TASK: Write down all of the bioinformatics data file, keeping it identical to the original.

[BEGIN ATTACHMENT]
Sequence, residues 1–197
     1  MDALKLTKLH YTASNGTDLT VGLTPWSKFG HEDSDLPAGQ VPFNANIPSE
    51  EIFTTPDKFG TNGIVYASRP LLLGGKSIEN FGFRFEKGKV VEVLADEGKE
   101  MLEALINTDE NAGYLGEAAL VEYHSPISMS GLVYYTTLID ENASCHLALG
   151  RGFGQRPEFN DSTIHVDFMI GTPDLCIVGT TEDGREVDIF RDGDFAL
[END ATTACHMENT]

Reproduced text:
Sequence, residues 1–197
     1  MDALKLTKLH YTASNGTDLT VGLTPWSKFG HEDSDLPAGQ VPFNANIPSE
    51  EIFTTPDKFG TNGIVYASRP LLLGGKSIEN FGFRFEKGKV VEVLADEGKE
   101  MLEALINTDE NAGYLGEAAL VEYHSPISMS GLVYYTTLID ENASCHLALG
   151  RGFGQRPEFN DSTIHVDFMI GTPDLCIVGT TEDGREVDIF RDGDFAL